demand for fine shirting linens, but coarser fabrics, roughs and 
dress linens, moved oflf freely. 

Owing to increased cost of production, prices of cloth kept 
high, and as the labour movement had not spread among the 
masses on the Continent so quickly as at home, our manufac- 
turers were placed at a disadvantage, and trade with Germany, 
Italy, and Russia exhibited a marked decrease. 

Demand for the American spring trade having been fairly 
active, exports for the first six months showed a large increase, but 
trade in the autumn being much quieter, a falling oflf in the 
second half of the year took place. 

i873.-^The unfavourable features which appeared in 1872 in 
reference to the demands of labour, and the consequent general 
rise which followed in every department, enhancing the cost of 
production, and seriously reducing the profits on capital, continued 
to operate with increased severity during 1873. Against this 
general advance our trade had ^ to contend, and, to add to the 
difficulties of the position, a panic of unusual severity took place 
in New York in September, mainly arising from excessive and 
wild financial speculations in railways and other public under- 
takings. This reacted severely on business, and resulted in extensive 
and widespread disturbance throughout every rank and class, every 
department of commerce feeling the pressure. . Our staple industry 
felt the shock very severely, and for many months transactions were 
greatly curtailed, and shipments for the remainder of the year 

Digitized by 



much reduced. The general trade of the United Kingdom with 
the United States showed a considerable falling off this year. The 
aggregate of failures throughout the States was very large, and 
many extensive dry goods importers were obliged to sacrifice their 
stocks at low prices, the market being so completely disorganised. 
Great shrinkage in values followed this disruption, and as indus- 
trial operations and public works were suddenly contracted, or 
altogether suspended, immense numbers were thrown out of 
employment. Economy and retrenchment followed in every 
department, and with an overstocked market in nearly all commo-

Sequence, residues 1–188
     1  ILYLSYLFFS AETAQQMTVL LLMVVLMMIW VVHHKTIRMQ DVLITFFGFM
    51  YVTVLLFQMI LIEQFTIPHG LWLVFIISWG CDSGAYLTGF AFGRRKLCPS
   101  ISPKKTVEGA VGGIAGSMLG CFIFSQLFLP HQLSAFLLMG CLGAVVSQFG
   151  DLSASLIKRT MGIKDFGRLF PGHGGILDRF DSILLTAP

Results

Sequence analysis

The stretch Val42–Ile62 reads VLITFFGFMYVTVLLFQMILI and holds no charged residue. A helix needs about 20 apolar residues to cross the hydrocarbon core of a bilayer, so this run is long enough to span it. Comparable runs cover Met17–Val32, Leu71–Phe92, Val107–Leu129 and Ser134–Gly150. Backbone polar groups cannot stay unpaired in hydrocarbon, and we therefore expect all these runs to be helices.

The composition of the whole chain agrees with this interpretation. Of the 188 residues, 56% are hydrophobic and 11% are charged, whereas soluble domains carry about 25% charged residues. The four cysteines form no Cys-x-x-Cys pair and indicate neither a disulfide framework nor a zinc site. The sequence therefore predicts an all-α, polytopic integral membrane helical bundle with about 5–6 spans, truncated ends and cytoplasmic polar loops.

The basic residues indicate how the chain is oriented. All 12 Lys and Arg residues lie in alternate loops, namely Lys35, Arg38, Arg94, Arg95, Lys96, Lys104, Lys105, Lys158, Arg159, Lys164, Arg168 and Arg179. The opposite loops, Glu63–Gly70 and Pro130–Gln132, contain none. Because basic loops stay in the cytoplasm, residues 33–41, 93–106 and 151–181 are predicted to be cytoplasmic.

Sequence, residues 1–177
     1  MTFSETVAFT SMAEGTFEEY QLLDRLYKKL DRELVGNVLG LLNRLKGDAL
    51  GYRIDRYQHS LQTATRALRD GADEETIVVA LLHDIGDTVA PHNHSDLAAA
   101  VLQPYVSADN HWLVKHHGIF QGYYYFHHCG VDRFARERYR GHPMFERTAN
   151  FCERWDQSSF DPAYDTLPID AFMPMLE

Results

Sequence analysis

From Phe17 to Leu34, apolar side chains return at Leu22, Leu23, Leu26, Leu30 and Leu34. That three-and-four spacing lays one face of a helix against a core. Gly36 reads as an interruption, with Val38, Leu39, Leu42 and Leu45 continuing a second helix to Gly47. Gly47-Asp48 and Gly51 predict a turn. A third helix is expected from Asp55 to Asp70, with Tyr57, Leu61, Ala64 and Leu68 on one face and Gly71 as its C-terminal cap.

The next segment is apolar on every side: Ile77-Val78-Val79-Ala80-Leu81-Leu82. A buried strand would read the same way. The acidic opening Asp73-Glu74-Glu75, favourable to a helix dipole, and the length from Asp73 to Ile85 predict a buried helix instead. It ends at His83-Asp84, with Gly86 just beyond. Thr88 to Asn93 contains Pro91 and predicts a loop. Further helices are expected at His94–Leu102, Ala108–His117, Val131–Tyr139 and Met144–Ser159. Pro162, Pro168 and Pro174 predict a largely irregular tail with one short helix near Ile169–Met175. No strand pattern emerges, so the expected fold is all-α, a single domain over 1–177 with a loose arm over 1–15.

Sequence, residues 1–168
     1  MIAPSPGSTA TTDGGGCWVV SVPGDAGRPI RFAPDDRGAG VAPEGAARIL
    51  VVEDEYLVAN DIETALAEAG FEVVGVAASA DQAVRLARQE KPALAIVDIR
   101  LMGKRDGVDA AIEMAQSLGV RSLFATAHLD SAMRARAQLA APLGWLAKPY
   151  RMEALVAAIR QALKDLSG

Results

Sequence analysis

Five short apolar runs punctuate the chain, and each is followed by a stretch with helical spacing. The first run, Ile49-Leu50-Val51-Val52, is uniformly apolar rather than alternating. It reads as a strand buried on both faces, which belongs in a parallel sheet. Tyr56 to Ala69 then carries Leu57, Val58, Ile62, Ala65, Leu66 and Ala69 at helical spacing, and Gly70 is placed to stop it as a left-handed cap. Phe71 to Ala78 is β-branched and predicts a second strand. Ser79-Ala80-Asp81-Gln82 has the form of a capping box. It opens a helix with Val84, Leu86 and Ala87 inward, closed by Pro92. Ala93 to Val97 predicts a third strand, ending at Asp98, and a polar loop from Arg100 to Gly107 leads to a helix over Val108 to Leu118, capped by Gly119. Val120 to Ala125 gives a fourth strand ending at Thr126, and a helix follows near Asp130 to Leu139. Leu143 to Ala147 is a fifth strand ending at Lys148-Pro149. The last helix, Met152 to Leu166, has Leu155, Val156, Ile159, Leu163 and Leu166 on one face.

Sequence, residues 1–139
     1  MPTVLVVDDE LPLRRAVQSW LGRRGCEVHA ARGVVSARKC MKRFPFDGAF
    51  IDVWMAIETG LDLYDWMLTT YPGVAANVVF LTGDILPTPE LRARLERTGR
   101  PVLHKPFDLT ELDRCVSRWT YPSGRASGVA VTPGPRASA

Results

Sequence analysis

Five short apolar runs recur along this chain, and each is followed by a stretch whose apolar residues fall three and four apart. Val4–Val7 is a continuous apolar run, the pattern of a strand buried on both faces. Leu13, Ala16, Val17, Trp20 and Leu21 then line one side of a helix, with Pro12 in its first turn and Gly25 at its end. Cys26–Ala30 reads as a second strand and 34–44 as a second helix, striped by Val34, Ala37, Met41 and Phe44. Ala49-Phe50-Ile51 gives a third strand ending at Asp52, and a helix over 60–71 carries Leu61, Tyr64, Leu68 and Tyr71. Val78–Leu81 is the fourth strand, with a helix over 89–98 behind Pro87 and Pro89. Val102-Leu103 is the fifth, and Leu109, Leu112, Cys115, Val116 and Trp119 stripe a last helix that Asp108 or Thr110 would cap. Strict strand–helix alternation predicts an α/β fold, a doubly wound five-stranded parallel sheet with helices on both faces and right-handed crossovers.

dities before the panic, this sudd^ and unexpected reduction of 
the consuming capacity of the United States produced widespread 
and long-continued depression. Our manufacturers had, of course, 
to share to a large extent in the losses and consequent curtail- 
ment of trade which naturally followed ; and whilst prices of cloth 
were drooping in the latter half of the year, yams kept very 

The home trade demand was large throughout the year, and 
the increased business in linens for dress purposes, which sprung up 
during the five years previous, was well sustained, and gave a large 
amount of employment to our power-looms, making up to some 
extent for the loss on American account. General trade with the 
Continent showed further falling off, which must in some measure 
be attributed to the effects of the war and the advance in labour 
which was also taking place on the Continent. 

A small increase was observable in the extent of flax-grown 
in Ireland this year ; but the quality and yield were much inferior 
to those of the previous crop. This, coupled with an increase on 
the imports of foreign fibre, and a falling oflf in trade, told upon 
prices; but the difference was small compared with 1872. In 
concluding their review, the Linen Trade Committee stated, 
** That the year was both for manufacturers and merchants, one 
of discouragement, nor could the greatest prudence and caution 
have prevented the difficulties which arose. Many manufacturers 
had, for the greater part of the year, to contend against prices of 
yarns beyond the proportionate prices of cloth, in addition to 
which tjjey were saddled with a larger stock of cloth than usual, 
owing to a restricted demand, whilst merchants, in order to effect 
sales, had to submit to prices which were not remunerative." 

An International Exhibition was held this year at Vienna, and 
several Irish firms contributed samples of Linen Manufactures.